More than 150 people came together to remember the victims of the mass shooting at several Atlanta area massage businesses that happened nearly one year ago
ATLANTA — Nearly a year after eight people were killed in a mass shooting at three Atlanta-area spas, many of them women of Asian descent, community members came together Saturday to remember the victims at a memorial tribute.
More than 150 people gathered at a park to listen to family members of victims and members of Atlanta’s Asian American community speak about the shootings and their impact on their lives, the Atlanta Journal-Constitution reported.
Robert Peterson, whose mother, Yong Ae Yue, was killed in one of the shootings, addressed those who showed up at the Atlanta tribute in frigid, late winter weather.
“I miss her food. I miss her waiting by the door when we came over. I just miss all those small things we took for granted when she was here,” Peterson said, according to the newspaper’s account.
Family members of other victims penned letters about the effect the shooting has had on their families and their lives.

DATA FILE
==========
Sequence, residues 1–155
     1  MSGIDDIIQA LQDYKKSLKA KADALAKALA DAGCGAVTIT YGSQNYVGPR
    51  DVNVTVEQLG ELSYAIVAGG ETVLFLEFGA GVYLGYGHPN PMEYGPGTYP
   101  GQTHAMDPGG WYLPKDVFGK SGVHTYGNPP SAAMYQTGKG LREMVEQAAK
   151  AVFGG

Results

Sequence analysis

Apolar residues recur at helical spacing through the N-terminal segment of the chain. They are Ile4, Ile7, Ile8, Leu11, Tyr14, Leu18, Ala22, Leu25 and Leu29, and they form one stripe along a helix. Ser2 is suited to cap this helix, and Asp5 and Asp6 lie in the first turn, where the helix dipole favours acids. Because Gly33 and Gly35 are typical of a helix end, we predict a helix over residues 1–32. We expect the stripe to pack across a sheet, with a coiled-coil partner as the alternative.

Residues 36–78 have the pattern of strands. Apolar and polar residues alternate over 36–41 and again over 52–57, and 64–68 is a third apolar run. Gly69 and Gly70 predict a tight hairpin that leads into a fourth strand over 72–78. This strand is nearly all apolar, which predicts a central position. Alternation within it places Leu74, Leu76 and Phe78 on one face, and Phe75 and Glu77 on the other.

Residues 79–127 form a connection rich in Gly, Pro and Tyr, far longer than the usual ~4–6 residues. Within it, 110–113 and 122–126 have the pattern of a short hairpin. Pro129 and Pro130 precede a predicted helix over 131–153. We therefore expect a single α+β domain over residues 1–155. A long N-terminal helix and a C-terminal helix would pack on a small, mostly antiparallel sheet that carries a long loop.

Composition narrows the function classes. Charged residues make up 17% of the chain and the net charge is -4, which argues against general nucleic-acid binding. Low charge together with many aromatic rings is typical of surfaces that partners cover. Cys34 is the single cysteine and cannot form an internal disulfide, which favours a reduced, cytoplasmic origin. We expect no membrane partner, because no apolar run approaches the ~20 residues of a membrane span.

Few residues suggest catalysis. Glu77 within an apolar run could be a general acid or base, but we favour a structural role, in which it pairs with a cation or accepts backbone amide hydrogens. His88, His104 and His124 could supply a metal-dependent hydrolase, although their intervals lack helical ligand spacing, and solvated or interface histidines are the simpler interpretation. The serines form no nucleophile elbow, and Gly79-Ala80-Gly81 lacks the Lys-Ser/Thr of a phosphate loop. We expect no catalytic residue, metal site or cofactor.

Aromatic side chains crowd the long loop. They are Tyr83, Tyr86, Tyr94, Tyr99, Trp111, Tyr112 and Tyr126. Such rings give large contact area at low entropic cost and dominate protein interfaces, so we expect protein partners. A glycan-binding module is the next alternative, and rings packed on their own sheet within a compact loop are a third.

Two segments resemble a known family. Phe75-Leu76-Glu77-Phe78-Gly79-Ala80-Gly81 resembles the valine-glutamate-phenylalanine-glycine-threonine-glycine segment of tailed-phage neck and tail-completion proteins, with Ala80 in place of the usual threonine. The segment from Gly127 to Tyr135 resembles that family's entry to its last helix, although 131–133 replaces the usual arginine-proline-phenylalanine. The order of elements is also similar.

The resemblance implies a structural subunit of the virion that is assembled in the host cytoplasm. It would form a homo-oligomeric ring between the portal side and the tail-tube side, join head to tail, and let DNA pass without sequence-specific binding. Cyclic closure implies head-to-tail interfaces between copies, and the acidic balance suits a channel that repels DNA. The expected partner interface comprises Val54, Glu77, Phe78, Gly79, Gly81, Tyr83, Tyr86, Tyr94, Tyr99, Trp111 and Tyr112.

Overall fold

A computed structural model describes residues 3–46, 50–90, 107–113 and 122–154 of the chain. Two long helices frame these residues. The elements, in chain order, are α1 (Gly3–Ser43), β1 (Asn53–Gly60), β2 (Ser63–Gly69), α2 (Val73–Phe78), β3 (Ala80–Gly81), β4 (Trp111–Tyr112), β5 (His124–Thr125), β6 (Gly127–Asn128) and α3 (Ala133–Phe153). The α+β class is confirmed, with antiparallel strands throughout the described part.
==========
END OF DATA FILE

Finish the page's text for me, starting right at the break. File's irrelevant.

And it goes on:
The shooting galvanized the city’s Asian American community when it came to light that six of the eight shooting victims were women of Asian descent.
Those killed were: Xiaojie “Emily” Tan, 49; Daoyou Feng, 44; and Delaina Yaun, 33; and Paul Michels, 54; Suncha Kim, 69; Soon Chung Park, 74; Hyun Jung Grant, 51; and Yong Ae Yue, 63.
Last March 16, then-21-year-old Robert Aaron Long opened fire at Youngs Asian Massage in Cherokee County, killing four people — three of them women and two of Asian descent — at Youngs Asian Massage in Cherokee County, police said. Authorities said a fifth person was shot and wounded.
Long then drove to Atlanta, where he shot and killed three women at Gold Spa before crossing the street to Aromatherapy Spa and killing another woman, according to authorities. All of the Atlanta victims were of Asian descent.
Authorities said at the time that Long had asserted his actions were not racially motivated and were instead prompted by a “sex addiction,” which sparked outrage and skepticism among the Asian American community.
Last July, Long pleaded guilty to murder and other charges for those he killed in Cherokee County and was sentenced to life without parole.
Long, 22, still faces charges, including murder, in the Atlanta killings, where the Fulton County district attorney is seeking the death penalty. Long has pleaded not guilty in Fulton County, and a hearing in that case is scheduled for next month.
District Attorney Fani Willis said she believe race and gender played a role in Long’s motivation for the Atlanta killings, and she’s seeking a sentencing enhancement under the state’s hate crimes law.